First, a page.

Maybe it’s because there is so much rain in North Vancouver.  I mean, they get even more than downtown, and Vancouver in general can be pretty grumpy because of the rain – it definitely dampens my mood.  But the North Vancouverites tend to get a bit more… rude.  I think it may be because they are constantly trapped under the low-hanging rain clouds, and that’s exactly how it makes you feel: trapped. But aside from the grumps, I have a theory that because all these people can not see the sun for sometimes WEEKS at a time, it gets to their heads a little.  I know that rain and loneliness don’t cause mental illness… but is there maybe a possibility that it sparks mental problems in some people?  If you were stuck in a grey, cold, wet place, with no one to talk to for so long… with no one who wanted to understand you… well, damn it, it’s lonely when no one understands you.  Maybe these people talk to themselves because no one else will listen to them.

We had a regular at Blenz, and his nickname was TwoLitre.  He always had a two-litre jug of soda with him in a plastic bag.  He always had a pack of cigarettes handy, and would smoke nervously outside while drinking his Supremo coffee, loaded with extra sugar.  He was over six feet tall, with brown hair and a permanent look of confusion stamped on his face.  He would come into the cafe, and ask hurriedly “Can I borrow a penny for a sec?!” Of course he could… and we would watch him walk right into the middle of the intersection at 15th street and Lonsdale, in the middle of traffic, and while the agitated drivers honked their horns and steered around him, he would look to the sky and throw the penny as high up in the air as he possibly could.  With his head turned to the sky, completely oblivious to the chaos around him, he would watch the penny fall to the ground.  Crouching over the dull penny, he would frown, shake his head, pick it up, and bring it back to us.  He gave us the same response every time:

“It didn’t work. Thanks anyways.”

I never asked. I probably wouldn’t have understood anyways. But I haven’t really seen TwoLitre since I moved back here from NYC… and I hope that things worked out the way he wanted, with or without the lucky penny, whatever it was for.  He may have talked to himself the majority of the time, but when he was talking to me, buying his coffee, he always said please and thank you.  I don’t think he’d remember me, but I hope he’s found some more friends to talk to.

As for the people who have gone further into another world – the drug addicts of Vancouver, especially those on the DTES – I think they were lonely once, too, and that most of them were alone when they started to make bad choices. I realized that I was holding back tears a few days ago while riding the bus through the DTES.  It pained me to think that most of these people just didn’t have someone who loved them enough to help them, guide them, love them.  Maybe they just had no one around at the worst point in their lives… maybe no one would listen to them when they really would have taken that helping hand.  I finally saw these beautiful, sad people for who they were: not outcasts of our prim and proper city, not pests, not weak, not just crazy people asking for spare change… but just lonely people who got stuck long ago in the wrong place at the wrong time.  I wiped my eyes and felt so selfish to be crying for them, and neglecting to talk to them and help them this whole time.  I still won’t give spare change, but I want to know how their days are.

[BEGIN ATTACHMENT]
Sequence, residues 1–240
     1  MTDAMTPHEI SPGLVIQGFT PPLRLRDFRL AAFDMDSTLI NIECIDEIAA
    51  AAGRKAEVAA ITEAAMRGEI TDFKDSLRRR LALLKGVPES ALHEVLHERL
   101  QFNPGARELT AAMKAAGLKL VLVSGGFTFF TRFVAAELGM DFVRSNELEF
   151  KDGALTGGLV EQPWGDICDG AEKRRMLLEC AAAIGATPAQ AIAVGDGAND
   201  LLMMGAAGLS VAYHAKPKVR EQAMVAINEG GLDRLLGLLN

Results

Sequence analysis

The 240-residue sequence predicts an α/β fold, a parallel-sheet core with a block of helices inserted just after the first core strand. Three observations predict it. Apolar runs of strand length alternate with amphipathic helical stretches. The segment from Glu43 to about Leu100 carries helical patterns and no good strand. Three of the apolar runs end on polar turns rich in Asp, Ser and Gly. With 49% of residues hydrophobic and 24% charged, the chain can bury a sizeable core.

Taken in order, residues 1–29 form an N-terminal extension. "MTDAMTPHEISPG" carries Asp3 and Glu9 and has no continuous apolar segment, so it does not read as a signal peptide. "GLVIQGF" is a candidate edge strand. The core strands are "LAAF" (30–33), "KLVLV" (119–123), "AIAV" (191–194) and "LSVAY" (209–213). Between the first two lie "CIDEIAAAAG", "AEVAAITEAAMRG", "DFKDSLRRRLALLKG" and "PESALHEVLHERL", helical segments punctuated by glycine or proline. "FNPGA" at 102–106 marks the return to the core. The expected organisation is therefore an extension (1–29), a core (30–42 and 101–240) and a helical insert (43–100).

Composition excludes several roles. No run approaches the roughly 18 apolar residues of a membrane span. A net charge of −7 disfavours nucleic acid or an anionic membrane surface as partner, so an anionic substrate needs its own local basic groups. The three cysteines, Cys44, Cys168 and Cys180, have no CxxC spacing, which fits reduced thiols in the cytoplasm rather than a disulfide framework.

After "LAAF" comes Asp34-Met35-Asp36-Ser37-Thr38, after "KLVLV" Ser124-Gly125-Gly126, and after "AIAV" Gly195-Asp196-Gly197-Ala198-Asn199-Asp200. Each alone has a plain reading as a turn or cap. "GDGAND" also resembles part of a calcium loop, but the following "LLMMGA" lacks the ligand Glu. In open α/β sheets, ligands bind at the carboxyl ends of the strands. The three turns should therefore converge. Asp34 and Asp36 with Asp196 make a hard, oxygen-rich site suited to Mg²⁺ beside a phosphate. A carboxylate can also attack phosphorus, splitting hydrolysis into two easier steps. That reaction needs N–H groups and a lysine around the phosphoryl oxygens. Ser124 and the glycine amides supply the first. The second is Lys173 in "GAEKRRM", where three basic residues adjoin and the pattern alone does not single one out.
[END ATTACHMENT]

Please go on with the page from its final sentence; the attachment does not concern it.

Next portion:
I don’t like the word “crazy” anymore. I think the true “crazy” ones are the people who are so very sheltered and withdrawn, the ones who can’t even bring themselves to smile when they look at one another on the bus.

As for the homeless people, the mentally ill, the drug-addicted, the confused and the scared? I will always think of them as the “lonely” people.  The “lonelies”.

Don’t hide your children from these beautiful people, don’t say hurtful things to them or act like they disgust you. They are human.  It could have been you in their shoes. 

Don’t leave the “lonelies” alone too much.  I may be too hopeful to think we could replace heroin with “hello”, but it could be a start in the right direction.

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1 Comment

  1. Ren said,

    I think there are probably just as many of those snobbish crazy people over the straight in Vancouver as here in North Van. I think it is just easier to ignore them because there are so many more people in general.
    Downtown, because there is a swirling hum of constant movement, it is easier to forget that all these people you pass everyday in the street are just as locked in their own self-centered bubble. Sure you notice the man with the dog outside waterfront station, but what about the other 8 people who passed you as you walked passed him? Do they even register?
    North Vancouver definitely has a more subdued pace, and it certainly has more than it’s share of snooty I’mdoingsowellformyself’s. Where do you think they go to make that green? Do you notice the suits strolling around, shmoozing during the lunch hour, trying to get ahead? Even if they ask how are you, it’s probably not because they care about you, only what you think of them.
    It’s easy to feel lonely when it’s quiet and you can see the people around you seeing YOU, alone. But standing in the blur of a busy mecca is really just as lonely under the comforting blanket of anonymity.
    North Van has it’s share of Nuts and Lonelies, Hipsters and Artists, Minorities and Bigots, Rich and Poor. Vancouver just has more so, making the delineations and boundaries blur. With a smaller sample size to choose from, the discrepancies are glaring and obvious, each point a speck of black or white. But when that sample size grows, everything starts to blend into gray. That sense of connection is easier to come by because you feel that just around the corner there could be someone just like you, or close enough.

    Just thought I would offer a counter-point.
    Love ya hun 🙂